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Immelman claims Dimension Data title

A clearly exhausted Trevor Immelman looked relieved rather than jubilant when he holed his par putt on the final hole at Sun City's Gary Player Country Club on Sunday to clinch a nervous win in the prestigious Dimension Data Pro-am and chalk up his second victory in the space of three weekends.

The putt, which rounded-off a long, 32-hole day and what he described as "a really tough final nine-hole grind when I was never on top of my game" gave him a 1-under 71 for a 17-under 271 that earned him a 1-stroke victory over fellow South African Andrew McLardy and American Bruce Vaughan, a white-haired Sunshine Tour veteran.

Two weeks ago the 23-year-old Immelman, currently the European No 2, won the South African Open to chalk up his first European Tour victory.

Last week he failed by an inch or two to win the Dunhill Championship on the first hole of a six-man play-off ultimately won on the next hole by England's Mark Foster.

And now the favourite golfing son of Somerset West near Cape Town has beaten world class stars of the calibre of Nick Price and Darren Clarke, both former winners of the Di-Data tournament.

Price, the winner in 1999, finished fourth this time on 14-under after closing with an impressive 8-under 66, while Clarke, the winner in 2001 and first-round leader this year, stumbled on the final day with a 4-over 76 to slip down the leaderboard into joint 9th place.

Although he was only some 22,000 euros behind Padraig Harrinton at the start of this tournament, Sunday's result won't helped hoist Immelman ahead of the Irish star on the European Tour's Volvo Order of Merit.

That because it's not on the European Tour schedule.

It will, however, cement his position at the top of the 2002-03 Sunshine Tour's order of merit - with earnings of R1 814 27(191,597.06 euros) he is in an unassailable position going into next weekend's final tournament.

He might also find get him to within spitting distance of a place in the world's top 50 after starting the season in the low 100s.

Right now, though, his only thought is get some rest after three stressful of weeks of fighting it out at the top of the leaderboard.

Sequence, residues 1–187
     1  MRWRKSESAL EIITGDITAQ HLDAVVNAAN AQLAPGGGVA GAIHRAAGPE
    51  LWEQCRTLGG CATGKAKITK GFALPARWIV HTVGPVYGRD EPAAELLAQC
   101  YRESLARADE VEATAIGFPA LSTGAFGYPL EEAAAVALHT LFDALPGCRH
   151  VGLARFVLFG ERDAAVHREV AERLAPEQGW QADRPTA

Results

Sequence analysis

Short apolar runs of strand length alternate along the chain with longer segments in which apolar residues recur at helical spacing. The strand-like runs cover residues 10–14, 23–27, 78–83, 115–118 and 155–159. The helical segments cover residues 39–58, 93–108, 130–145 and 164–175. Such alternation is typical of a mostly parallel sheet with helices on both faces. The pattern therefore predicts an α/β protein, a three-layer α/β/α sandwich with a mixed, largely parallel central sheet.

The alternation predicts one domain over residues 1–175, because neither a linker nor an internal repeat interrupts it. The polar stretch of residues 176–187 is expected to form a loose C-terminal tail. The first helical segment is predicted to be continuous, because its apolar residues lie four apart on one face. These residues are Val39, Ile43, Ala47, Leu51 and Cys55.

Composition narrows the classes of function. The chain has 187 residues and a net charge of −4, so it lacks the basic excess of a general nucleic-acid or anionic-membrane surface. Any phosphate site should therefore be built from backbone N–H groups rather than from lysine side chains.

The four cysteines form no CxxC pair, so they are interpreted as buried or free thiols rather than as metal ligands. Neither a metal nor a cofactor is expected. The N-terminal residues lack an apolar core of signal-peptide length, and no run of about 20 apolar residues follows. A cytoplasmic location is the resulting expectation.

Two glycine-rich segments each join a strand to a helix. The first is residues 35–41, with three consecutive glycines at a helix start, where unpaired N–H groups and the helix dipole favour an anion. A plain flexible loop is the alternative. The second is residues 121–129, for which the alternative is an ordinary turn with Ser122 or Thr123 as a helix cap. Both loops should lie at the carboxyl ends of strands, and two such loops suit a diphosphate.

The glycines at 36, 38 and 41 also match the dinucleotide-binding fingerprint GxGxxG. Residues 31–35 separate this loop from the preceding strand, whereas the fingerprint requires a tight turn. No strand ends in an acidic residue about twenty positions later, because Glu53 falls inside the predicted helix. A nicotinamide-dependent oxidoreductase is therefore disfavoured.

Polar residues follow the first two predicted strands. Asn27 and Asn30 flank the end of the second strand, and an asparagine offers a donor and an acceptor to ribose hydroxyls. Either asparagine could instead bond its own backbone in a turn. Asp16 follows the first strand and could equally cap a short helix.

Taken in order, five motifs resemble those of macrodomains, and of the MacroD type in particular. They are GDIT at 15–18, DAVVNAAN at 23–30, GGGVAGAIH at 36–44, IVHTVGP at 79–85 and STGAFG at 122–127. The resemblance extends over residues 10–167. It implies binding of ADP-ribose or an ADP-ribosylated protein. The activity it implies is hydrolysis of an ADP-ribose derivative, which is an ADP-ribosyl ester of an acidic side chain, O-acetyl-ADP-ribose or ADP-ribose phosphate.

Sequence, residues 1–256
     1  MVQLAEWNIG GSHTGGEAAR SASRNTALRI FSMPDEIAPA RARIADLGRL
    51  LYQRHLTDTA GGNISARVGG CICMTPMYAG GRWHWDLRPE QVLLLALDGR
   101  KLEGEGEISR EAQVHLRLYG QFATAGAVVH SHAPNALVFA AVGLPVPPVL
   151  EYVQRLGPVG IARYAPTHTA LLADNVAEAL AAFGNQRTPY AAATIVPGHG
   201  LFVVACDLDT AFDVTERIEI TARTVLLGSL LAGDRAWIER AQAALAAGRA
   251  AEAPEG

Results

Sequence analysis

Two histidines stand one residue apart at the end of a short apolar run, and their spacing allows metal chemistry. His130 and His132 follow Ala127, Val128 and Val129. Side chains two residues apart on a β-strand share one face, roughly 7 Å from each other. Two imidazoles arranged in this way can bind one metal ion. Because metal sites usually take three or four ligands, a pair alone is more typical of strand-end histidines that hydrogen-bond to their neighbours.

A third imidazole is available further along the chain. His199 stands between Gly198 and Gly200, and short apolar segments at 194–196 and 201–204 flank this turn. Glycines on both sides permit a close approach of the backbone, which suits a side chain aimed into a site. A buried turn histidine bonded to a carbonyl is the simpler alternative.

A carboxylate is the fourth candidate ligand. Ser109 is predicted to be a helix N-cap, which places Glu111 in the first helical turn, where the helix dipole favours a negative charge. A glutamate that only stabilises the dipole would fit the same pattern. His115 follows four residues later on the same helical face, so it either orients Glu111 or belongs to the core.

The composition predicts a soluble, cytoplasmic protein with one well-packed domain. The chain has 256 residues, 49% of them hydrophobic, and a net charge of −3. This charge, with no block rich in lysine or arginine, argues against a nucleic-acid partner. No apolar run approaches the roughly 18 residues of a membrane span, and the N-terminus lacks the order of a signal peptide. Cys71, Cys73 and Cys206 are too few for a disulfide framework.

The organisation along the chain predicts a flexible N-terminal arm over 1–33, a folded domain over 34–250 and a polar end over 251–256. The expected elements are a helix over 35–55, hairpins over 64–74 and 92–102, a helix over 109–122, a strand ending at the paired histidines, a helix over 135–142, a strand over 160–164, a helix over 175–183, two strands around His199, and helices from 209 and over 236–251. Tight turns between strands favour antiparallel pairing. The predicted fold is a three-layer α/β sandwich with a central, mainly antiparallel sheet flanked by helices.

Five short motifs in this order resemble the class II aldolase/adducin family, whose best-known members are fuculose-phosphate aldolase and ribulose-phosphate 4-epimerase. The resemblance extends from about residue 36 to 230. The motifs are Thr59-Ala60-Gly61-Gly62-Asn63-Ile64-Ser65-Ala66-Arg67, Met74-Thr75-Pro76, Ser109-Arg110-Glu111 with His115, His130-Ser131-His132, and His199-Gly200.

Earlier in the day Immelman, who is physically in great shape and works hard to keep himself that way, had had to play 14 holes to complete his suspended third round.

He finished with a sizzling 9-under 65 to take a three shot lead - but said it was not the physical exertion of playing nearly two full rounds with only an hour's rest in between that had exhausted him.

It was the three weekends of solid pressure that comes with being in continuous contention that did it, he admitted at the prize-giving afterwards."

“I could handle playing 32 holes today, but being in contention for each of the last three weeks took a lot out of me. Coming down the stretch I was shaking and didn’t feel like myself at all.

“With al the rain delays and early starts to the rounds, I’ve been up at 04:15 the last two days. So I’m buggered.”

Earlier in the day Immelman, who is physically in great shape and works hard to keep himself that way, had had to play 14 holes to complete his suspended third round.

He finished with a sizzling 9-under 65 to take a three shot lead - but said it was not the physical exertion of playing nearly two full rounds with only an hour's rest in between that had exhausted him.

It was the three weekends of solid pressure that comes with being in continuous contention that did it, he admitted at the prize-giving afterwards."

“I could handle playing 32 holes today, but being in contention for each of the last three weeks took a lot out of me. Coming down the stretch I was shaking and didn’t feel like myself at all.

“With al the rain delays and early starts to the rounds, I’ve been up at 04:15 the last two days. So I’m buggered.”